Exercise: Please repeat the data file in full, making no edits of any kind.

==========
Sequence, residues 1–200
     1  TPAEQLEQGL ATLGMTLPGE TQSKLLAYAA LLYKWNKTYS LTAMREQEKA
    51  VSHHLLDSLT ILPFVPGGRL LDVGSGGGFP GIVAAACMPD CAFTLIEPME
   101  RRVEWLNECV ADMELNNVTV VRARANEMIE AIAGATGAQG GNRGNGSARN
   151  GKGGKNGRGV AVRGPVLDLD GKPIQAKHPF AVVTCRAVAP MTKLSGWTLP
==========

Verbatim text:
Sequence, residues 1–200
     1  TPAEQLEQGL ATLGMTLPGE TQSKLLAYAA LLYKWNKTYS LTAMREQEKA
    51  VSHHLLDSLT ILPFVPGGRL LDVGSGGGFP GIVAAACMPD CAFTLIEPME
   101  RRVEWLNECV ADMELNNVTV VRARANEMIE AIAGATGAQG GNRGNGSARN
   151  GKGGKNGRGV AVRGPVLDLD GKPIQAKHPF AVVTCRAVAP MTKLSGWTLP